0
$\begingroup$

I want to prove that if $$(\lambda x. P)Q=(\lambda y. M)N$$ then $$P[x:=Q]= M[y:=N]$$ which means that the contraction of a given redex yields a unique result (so we don't have beta equivalence, but alpha equivalence).

I would go for a proof by contradiction but I think it should be prooved by a variation of structural induction, as it seems quite a hasty conclusion that an occurence of x (or y) hasn't been substituted and that's why contractum's differ.

Though I have neither seen any variation of induction used somewhere, nor I can use it without proof.

So could anyone help?

I am studying from "Lectures on the Curry"-Howard isomorphism-Sorensen, Urzyczyn (2006)

$\endgroup$
2
  • 2
    $\begingroup$ I'm not sure to understand your question. If $(\lambda x.P)Q = (\lambda y. M)N$ ($=$ is always in the sense of $\alpha$-equivalence here), then $\lambda x.P = \lambda y.M$ and $Q = N$, from that it follows that $P[x:=Q] = M[y:=N]$ because substitution is compatible with $\alpha$-equivalence.. $\endgroup$ May 9, 2023 at 9:32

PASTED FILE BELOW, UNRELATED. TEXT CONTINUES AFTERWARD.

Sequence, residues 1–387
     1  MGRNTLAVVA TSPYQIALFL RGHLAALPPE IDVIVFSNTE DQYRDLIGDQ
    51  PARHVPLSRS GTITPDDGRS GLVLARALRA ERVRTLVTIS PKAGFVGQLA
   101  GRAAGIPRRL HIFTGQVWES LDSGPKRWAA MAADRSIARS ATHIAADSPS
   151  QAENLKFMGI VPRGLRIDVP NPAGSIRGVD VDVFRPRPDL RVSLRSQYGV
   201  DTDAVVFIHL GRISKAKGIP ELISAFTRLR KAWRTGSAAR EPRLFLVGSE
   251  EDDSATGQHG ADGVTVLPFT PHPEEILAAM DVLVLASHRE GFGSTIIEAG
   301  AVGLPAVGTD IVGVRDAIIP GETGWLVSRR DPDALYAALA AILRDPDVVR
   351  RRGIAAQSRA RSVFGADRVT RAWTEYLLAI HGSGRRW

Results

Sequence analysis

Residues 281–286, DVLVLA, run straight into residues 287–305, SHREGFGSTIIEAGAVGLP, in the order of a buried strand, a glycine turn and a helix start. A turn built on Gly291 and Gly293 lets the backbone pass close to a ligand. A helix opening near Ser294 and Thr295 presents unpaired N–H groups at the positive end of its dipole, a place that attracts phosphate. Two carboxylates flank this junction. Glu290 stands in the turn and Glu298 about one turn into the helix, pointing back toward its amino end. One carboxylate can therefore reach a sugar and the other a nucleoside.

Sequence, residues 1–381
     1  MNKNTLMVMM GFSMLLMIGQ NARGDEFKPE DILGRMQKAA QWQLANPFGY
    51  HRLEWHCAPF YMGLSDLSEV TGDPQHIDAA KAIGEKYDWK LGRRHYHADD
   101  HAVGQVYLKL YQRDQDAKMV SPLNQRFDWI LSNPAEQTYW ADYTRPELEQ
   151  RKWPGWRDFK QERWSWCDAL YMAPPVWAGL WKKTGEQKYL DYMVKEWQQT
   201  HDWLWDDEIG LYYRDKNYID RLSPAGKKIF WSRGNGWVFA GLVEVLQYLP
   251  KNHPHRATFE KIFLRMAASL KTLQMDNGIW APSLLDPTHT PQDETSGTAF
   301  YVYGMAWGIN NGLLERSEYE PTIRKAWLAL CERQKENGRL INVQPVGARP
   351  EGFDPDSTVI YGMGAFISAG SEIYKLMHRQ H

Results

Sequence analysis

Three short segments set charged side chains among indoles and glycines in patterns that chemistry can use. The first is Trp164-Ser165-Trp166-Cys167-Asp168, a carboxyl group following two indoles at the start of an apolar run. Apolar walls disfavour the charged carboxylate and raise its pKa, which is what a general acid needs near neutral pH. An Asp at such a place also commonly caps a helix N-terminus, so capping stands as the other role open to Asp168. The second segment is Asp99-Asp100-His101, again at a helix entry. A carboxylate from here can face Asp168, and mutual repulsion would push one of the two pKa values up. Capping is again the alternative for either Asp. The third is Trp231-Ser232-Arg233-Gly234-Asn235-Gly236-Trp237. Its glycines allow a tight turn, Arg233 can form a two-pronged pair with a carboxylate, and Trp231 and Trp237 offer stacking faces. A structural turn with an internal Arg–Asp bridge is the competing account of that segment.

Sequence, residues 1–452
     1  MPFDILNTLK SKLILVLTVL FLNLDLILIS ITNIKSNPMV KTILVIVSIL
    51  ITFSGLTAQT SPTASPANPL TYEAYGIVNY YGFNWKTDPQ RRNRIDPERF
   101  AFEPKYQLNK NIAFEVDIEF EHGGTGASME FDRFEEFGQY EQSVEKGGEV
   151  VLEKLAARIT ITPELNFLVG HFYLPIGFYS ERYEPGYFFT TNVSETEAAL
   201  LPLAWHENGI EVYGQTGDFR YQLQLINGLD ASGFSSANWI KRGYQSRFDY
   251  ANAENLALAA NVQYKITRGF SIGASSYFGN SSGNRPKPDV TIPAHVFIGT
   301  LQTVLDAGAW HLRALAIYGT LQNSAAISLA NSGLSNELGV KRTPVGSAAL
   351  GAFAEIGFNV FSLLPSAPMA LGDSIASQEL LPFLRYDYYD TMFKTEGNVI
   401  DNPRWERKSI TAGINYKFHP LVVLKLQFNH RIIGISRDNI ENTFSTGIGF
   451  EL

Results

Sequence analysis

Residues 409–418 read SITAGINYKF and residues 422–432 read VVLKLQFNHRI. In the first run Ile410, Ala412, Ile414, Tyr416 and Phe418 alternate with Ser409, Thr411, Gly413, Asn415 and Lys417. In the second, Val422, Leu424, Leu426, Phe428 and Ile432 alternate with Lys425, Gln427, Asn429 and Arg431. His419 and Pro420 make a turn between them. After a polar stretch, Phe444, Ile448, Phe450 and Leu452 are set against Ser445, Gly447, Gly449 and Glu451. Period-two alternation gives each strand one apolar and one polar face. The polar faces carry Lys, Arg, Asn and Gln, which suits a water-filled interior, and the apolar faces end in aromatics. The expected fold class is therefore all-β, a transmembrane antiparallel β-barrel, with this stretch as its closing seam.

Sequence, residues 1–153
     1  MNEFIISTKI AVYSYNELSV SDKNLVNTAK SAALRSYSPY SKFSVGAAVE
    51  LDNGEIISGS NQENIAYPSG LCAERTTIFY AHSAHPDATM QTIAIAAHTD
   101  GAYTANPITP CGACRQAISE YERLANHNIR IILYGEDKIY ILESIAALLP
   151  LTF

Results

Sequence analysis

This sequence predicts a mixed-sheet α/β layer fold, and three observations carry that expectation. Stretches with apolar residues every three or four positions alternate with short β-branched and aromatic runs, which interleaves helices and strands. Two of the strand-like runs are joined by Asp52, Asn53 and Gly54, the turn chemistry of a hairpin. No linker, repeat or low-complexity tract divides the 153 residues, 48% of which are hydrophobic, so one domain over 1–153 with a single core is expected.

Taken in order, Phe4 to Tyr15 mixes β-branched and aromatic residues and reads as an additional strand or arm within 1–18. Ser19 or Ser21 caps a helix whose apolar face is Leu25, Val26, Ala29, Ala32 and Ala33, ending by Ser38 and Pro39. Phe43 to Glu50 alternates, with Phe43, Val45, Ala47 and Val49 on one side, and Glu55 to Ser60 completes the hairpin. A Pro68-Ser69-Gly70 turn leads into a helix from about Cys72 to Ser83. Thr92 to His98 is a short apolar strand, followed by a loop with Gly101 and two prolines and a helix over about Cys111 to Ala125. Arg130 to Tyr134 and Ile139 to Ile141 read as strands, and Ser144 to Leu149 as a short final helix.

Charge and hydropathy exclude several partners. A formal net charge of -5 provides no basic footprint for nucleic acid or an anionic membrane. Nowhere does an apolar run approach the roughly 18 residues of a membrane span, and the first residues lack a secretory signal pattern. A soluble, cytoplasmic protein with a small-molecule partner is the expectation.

• $\begingroup$ Ohh... it was that simple? $\endgroup$ May 9, 2023 at 11:40

1 Answer 1

0
$\begingroup$

Transferring here the answer in the comments so that the question won't be left in the unanswered posts forever.

I'm not sure to understand your question. If $(𝜆𝑥.𝑃)𝑄=(𝜆𝑦.𝑀)𝑁$ (= is always in the sense of $𝛼$-equivalence here), then $𝜆𝑥.𝑃=𝜆𝑦.𝑀$ and $𝑄=𝑁$, from that it follows that $𝑃[𝑥:=𝑄]=𝑀[𝑦:=𝑁]$ because substitution is compatible with $𝛼$-equivalence..

$\endgroup$

You must log in to answer this question.

Not the answer you're looking for? Browse other questions tagged .